Companies Bill 2016

The Companies (Accounting) Bill 2016 was finally published on 5 August 2016. This Bill transposes the EU Accounting directive 2013/34/EU which was expected to be enacted in mid July 2015. Note that this is currently at Bill stage and no time period has been given as to when this will be enacted into law. The contents of this Bill cannot be utilised until it is enacted into law. It is hoped this will be in the near future so that accountants and companies can finally utilise Section 1A of FRS 102 and FRS 105. The principle differences from the existing legislation are:

  • Expanded definition of whether a lower company is a subsidiary company of a superior company to include persons acting in their own name or on behalf of the superior company
  • An increase in the current size thresholds for small and medium companies together with the introduction of thresholds for a medium group and micro company thresholds. See existing and new proposed thresholds below:


  • A reduction in size criteria for holding companies exempt from preparing consolidated financial statements. Under the proposed Bill all companies other than small or micro group’s (that can avail of the small or micro companies regime) must prepare consolidated financial statements. Currently all medium sized groups avail of this exemption which will not be permitted under the proposed Bill.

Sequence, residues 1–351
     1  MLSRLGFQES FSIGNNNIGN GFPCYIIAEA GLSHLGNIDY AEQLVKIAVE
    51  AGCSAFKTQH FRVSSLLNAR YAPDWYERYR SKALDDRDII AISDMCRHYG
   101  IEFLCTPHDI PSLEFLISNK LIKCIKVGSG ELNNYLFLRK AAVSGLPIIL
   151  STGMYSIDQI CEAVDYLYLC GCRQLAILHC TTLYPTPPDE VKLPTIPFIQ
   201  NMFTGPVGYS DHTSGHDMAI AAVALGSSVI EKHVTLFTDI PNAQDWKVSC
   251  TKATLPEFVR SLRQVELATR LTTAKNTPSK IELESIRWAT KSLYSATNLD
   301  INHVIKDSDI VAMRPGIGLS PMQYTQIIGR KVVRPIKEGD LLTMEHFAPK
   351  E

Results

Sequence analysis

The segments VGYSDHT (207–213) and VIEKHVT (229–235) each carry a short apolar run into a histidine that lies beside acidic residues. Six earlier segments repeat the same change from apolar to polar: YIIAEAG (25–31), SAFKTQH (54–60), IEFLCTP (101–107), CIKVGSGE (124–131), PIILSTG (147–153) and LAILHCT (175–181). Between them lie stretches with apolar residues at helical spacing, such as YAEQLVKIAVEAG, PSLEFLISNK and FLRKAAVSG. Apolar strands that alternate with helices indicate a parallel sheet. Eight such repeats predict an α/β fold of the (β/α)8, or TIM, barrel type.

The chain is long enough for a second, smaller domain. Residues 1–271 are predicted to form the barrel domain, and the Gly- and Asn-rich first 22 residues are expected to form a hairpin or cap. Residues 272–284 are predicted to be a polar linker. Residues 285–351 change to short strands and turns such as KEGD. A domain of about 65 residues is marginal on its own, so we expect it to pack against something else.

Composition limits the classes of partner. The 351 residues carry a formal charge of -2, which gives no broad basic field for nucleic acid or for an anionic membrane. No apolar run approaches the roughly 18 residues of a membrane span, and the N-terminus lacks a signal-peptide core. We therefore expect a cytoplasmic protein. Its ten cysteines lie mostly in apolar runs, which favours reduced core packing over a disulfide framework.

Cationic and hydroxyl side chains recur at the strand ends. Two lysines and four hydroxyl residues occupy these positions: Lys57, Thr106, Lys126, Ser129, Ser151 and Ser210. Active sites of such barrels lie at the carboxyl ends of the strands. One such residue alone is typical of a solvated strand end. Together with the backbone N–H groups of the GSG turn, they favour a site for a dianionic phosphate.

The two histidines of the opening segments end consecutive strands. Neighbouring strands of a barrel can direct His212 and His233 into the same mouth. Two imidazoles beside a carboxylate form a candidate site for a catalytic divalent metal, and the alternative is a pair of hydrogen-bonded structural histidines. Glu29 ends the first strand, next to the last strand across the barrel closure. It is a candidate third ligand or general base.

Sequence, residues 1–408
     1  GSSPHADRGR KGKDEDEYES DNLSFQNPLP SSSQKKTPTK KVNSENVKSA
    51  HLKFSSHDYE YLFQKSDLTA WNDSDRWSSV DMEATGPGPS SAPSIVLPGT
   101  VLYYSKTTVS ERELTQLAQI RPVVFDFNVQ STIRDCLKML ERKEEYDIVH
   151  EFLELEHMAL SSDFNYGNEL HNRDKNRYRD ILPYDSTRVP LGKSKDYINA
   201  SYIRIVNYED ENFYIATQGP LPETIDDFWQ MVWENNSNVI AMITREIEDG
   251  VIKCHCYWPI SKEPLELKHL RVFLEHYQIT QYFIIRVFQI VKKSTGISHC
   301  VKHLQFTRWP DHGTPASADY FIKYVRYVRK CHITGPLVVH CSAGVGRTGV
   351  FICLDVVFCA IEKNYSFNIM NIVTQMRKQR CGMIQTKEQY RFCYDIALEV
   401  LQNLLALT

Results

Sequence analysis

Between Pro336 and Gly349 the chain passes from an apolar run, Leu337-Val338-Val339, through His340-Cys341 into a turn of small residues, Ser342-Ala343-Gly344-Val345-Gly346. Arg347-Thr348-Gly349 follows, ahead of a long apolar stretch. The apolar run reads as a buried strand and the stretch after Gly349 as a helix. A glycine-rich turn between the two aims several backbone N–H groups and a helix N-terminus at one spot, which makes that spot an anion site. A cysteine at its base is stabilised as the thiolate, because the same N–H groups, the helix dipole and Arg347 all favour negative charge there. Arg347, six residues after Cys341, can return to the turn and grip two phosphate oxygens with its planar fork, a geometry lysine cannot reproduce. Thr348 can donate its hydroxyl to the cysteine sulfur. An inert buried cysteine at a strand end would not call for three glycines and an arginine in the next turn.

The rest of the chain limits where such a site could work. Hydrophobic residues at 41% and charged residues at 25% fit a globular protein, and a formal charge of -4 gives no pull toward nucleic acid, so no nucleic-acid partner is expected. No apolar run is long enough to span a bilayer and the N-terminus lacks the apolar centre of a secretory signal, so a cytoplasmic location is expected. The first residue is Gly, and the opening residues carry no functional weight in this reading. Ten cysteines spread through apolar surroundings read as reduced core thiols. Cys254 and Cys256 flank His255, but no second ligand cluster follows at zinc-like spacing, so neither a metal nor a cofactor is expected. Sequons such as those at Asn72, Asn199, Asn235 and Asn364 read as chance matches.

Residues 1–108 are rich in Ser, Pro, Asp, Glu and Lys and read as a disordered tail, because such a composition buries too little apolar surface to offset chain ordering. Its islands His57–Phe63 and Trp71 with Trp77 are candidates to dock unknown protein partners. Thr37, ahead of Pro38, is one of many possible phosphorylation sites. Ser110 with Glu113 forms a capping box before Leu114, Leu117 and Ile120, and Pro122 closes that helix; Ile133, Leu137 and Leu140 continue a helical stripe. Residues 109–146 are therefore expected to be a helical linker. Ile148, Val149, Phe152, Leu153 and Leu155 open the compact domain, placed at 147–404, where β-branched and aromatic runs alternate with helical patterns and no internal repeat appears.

• An increase in the number of groups and small companies that can avail of the audit exemption and/or file small company abridged financial statements if applicable as a result of the increased thresholds.
  • Once the small company definition is met then that company can qualify for the small companies regime which is not currently included in existing law. This will allow companies to adopt Section 1A of FRS 102 which cannot currently be adopted by Irish companies. Section 1A of FRS 102 requires the financial statements to be prepared using the recognition and measurement requirements of FRS 102 but to use the disclosure requirements of the Companies Act small companies regime as opposed to the more detailed disclosure requirements of each of the Sections within FRS 102.
However as the financial statements are still required to show a true and fair view, directors of companies will still have to consider whether additional disclosures on top of the Companies Act disclosures are required to show the true and fair view. Once Section 1A of FRS 102 can be claimed it will allow entities to claim exemption from the requirement to prepare a cash flow statement.